French President Nicolas Sarkozy’s centre-right UMP party begins it annual summer meeting in the Landes region, while François Bayrou will address his MoDem centrists at their own gathering in the Grande-Motte.
France's ruling UMP party has decided to no longer call its annual summer gathering a “school”, but rather a “campus”, with the emphasis shifting to its supposedly more hip-sounding youth branch, the "Jeunes Pop". As for the traditional "round-table discussions", they give way to "chats".
With these semantic peculiarities, France’s ruling party hopes to dissociate itself from the kind of old-school political lexicon it says is intrinsic to the opposition Socialist Party, which recently wrapped up its annual summer gathering in the city of La Rochelle. At a time when President Nicolas Sarkozy seeks closer ties with nationalist and traditionalist parties, the UMP will also seek to cast itself as the party unity.
"What happened in La Rochelle is a warning for us to continue on the path of reform," said Jean-Francois Copé, who heads the UMP group in the National Assembly.
No fewer than 33 UMP ministers will travel to the Landes region in a show of force intended to contrast with the Socialist opposition's many internal divisions. A speech by Prime Minister François Fillon will cap the gathering on Sunday.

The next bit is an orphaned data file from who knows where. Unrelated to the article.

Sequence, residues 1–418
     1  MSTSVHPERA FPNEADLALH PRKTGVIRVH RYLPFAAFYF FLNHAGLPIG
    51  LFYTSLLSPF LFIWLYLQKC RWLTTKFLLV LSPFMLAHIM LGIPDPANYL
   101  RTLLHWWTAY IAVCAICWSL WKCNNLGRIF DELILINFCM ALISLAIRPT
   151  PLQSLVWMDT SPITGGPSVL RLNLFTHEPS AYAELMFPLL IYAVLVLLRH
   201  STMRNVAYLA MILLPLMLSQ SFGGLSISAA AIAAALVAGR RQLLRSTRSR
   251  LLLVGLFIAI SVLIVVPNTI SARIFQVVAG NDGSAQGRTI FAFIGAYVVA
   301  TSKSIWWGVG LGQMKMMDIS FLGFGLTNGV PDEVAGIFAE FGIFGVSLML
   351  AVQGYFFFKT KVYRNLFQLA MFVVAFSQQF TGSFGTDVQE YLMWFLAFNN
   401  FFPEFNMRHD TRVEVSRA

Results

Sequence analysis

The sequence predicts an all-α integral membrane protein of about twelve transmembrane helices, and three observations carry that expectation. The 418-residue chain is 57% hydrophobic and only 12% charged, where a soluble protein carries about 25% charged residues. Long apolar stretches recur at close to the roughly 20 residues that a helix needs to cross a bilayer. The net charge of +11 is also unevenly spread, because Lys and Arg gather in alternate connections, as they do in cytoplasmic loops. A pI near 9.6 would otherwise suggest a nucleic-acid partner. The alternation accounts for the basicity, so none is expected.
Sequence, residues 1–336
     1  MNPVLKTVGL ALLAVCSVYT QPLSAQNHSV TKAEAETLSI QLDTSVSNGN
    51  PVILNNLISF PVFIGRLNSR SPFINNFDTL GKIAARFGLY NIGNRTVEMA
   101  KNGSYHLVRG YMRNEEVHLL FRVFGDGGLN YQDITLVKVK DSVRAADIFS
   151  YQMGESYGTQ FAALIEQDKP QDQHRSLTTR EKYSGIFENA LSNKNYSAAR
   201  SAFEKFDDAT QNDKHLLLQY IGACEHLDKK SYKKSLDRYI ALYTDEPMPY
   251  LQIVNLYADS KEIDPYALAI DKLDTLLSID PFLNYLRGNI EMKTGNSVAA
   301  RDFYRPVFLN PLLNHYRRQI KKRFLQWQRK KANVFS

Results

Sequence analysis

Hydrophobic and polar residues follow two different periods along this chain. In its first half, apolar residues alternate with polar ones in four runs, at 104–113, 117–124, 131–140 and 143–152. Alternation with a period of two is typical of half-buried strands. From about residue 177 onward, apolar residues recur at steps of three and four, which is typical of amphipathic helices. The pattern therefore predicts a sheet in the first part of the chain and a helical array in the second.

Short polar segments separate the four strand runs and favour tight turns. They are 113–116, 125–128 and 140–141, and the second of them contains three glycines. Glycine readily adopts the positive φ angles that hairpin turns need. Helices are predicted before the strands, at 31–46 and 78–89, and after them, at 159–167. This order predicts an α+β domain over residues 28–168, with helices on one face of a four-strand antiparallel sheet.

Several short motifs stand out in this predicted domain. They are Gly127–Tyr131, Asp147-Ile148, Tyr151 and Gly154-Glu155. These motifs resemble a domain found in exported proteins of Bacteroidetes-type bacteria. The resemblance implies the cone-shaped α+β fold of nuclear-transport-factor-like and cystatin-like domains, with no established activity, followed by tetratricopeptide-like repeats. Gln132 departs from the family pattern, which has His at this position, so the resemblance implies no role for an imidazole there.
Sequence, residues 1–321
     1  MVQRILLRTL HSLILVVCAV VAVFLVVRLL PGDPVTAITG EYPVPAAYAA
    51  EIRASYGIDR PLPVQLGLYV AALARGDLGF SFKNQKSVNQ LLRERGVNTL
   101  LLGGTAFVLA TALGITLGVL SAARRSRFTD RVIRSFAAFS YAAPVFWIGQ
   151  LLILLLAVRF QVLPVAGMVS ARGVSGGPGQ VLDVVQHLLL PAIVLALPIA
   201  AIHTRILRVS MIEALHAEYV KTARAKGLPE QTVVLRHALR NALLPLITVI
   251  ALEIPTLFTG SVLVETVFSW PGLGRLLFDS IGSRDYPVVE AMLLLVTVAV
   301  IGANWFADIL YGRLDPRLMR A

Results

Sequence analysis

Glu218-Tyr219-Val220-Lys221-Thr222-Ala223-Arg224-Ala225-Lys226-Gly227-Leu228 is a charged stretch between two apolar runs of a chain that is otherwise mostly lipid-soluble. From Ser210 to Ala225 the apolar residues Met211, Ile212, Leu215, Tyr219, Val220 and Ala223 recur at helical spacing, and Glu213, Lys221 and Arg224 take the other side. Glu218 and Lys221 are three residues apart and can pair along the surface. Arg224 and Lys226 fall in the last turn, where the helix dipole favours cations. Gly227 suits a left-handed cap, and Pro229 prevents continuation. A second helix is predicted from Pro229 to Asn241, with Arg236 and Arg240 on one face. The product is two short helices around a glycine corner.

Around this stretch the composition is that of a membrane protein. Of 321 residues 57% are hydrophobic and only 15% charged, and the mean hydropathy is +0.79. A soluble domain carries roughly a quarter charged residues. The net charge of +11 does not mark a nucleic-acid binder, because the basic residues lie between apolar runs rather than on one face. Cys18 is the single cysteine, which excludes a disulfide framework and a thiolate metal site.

The UMP will be “chatting” about a massive public loan programme, youth employment, culture and the contentious fuel tax. The latter issue promises to give rise to the most heated debates, the parliamentary majority having already expressed its opposition to plan backed by President Sarkozy.
France's ruling party will also be keen to showcase the latest high-profile defection from the left, Frédéric Mitterrand, a nephew of former Socialist president François Mitterrand. Appointed minister for culture in Sarkozy's recent cabinet reshuffle, Mitterrand is expected to address the crowd of "Jeunes Pop".
Bayrou promises 'clarifications'
Livelier discussions are expected to take place in the south-eastern city of Grande-Motte, which is hosting the MoDem party’s summer meeting. The party leader and former presidential candidate, François Bayrou, will address supporters for the first time since the MoDem's poor showing in European elections (a mere 8.46% of the vote for what was meant to be France’s third-way party), and since the party’s vice-president Marielle de Sarnez sparked controversy by attending a meeting with senior members of the Socialist Party in August.
Bayrou has promised "clarifications" on the prickly subject of alliances. Many of his supporters would be uncomfortable with the party leaning either to the left or to the right. "When you redraw the lines, you naturally raise questions, you change the frame of reference, people no longer recognise the landscape. But after this meeting I think people will understand, at least that's my goal,” said the centrist leader.
Date created : 2009-09-04